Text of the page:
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Understanding Anandajit Ray’s pictorial language, full of wit and irony
Harping on his theme of urban conflict, Anandajit Ray’s works indulge into the concurrent exploration of the ludicrous and the horrific and the dreary and the phantasmal where the violence, pain and claustrophobia associated with urban conflict obliterate the humane element.

The social realm, which comes into being in his works, is invariably one of discord. The protagonist conveys the malaise of the distraught and fragmented times we happen to live in, arising out of complexities very much part of our psychological, personal and public spaces.

In his acclaimed series, titled ‘Warpaint and an Artist’, the artist takes a plunge into ‘the depths of an amoral abyss’ where dynamics of urban conflict expunge the humane, as renowned art critic Ranjit Hoskote has mentioned: “Caught between the devil and the deep sea, his protagonist is victim to the 20th century malaise of living on the edge, where an unrelenting war wages in a ‘real’ world of science-fiction. In fact, the epic wars are now so palpable, they confront you everyday.”

A sense of pain and sympathy needs to be at the core of the viewing of the sensitive artist’s thought-provoking works. The society, which builds and takes shape in his stunning story-crammed frames, proves to be a pathological experience. As the critic elaborates, “It’s a society reminiscent, in its eerie horror and endemic violence, of the scenario first elaborated in Anthony Burgess’ A Clockwork Orange, 1962, and most recently revisited in Quentin Tarrantino’s Pulp Fiction, 1994. Indeed, Anandjit Ray’s images put us in mind of J G Ballard’s description of the 1981 classic of punk Gothic, George Miller’s Mad Max 2.”

This artist, with an acute and ever-alive social consciousness, opts to work in proscribed formats. Keen on experimentation, his expanding oeuvre recall genres as diverse as the curious comic strip and mystical miniature. He laboriously generates this hybrid form, ultimately projecting on areas of adolescence – akin to avenues of escape from a potentially dreary and unwelcome reality and desires materialized through the popular media.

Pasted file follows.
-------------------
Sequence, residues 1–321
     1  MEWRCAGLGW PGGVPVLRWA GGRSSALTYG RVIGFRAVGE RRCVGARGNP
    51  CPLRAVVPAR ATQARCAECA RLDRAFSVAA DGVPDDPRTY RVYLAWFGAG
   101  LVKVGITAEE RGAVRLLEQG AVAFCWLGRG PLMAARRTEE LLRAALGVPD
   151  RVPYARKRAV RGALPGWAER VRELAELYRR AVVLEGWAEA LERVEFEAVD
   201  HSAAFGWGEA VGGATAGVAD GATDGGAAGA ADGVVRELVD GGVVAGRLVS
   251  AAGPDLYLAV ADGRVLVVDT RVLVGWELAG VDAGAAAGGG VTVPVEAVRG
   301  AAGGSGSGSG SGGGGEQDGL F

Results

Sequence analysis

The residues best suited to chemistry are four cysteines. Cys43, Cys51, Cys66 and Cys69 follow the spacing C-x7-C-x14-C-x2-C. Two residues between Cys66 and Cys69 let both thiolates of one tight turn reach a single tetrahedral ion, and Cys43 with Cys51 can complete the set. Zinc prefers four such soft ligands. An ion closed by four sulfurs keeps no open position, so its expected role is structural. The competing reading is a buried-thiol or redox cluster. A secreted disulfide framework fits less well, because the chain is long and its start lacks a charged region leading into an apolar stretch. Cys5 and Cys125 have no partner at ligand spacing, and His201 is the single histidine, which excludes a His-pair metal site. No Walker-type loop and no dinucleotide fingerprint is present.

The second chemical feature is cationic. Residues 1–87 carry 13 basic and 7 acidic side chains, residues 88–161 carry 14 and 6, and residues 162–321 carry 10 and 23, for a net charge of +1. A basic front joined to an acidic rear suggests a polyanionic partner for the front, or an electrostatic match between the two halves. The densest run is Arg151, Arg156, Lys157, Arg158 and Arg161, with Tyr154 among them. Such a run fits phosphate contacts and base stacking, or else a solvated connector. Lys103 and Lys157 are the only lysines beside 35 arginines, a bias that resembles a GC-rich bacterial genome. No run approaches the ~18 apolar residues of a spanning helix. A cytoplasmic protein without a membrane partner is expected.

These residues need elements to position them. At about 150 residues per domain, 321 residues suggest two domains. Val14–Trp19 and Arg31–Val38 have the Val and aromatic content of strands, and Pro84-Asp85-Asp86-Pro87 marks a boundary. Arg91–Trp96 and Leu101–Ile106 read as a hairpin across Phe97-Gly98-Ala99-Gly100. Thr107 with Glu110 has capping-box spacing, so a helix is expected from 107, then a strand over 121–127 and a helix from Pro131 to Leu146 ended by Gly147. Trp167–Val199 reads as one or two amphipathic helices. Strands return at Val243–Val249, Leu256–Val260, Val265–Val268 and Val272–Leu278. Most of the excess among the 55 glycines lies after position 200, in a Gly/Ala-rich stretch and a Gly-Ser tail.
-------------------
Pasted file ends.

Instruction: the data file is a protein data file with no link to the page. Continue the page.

Born in 1965 in Kolkata, Anandjit Ray completed his Bachelor of Fine Arts and Master of Fine Arts in Painting from M. S. University, Baroda in 1989 and 1991 respectively. Among his selected solo exhibitions are ‘I Fear, I Believe, I Desire’, Gallery Espace, New Delhi (2007); ‘For The Future XI’, Sakshi Gallery, Mumbai (2004); ‘Fractured’, Gallery Espace (2003); 2000 Sakshi Gallery, Mumbai; ‘S.M.T.W.T.F.S’, Nazar Art Gallery, Baroda (1999), among others.

His selected group exhibitions include shows ‘KAAM’ Arts India, New York (2005); Gallerie 88, Kolkata (2003); ‘New Indian Art: Home-Street-Shrine-Bazaar-Museum’, Manchester Art Gallery, London (2002); ‘Kapital and Karma’, Kunsthalle Wien, Vienna (2002); and ‘Private Languages’, Pundole Art Gallery, Mumbai (1997). He has illustrated a book of short stories ‘Wild Fire’ by Bonophol (Seagull Publications), and is also the recipient of the ‘Sankriti Award’ by Sanskriti Prathishthan in 1998.

The core of his art practice is minute observation. For Anandjit Ray, creation is sifting through ideas at emotive level, with the image and the theme acquiring prime focus in his mind, the visual logic generating a thought process, rather than literal readability. He is engaged in a constant exploration of contrasting forces and tendencies - the ridiculous, the horrific, the mundane and the phantasmal.

The seduction coupled with intimacy offered by these themes draws the artist inwards, though he terms himself a 'surface painter', subscribing to a position san any judgment. Incidents of illogical violence scattered over the surface therefore undergo a metamorphosis into decorative detailing, identifying with our immediate and imagined realm. A perfect example of this is his series of four ice-cream sticks, from his solo show 'Syrup' - each of a different flavor and each one providing an incitement to a different dream, graphically described in iridescent watercolors.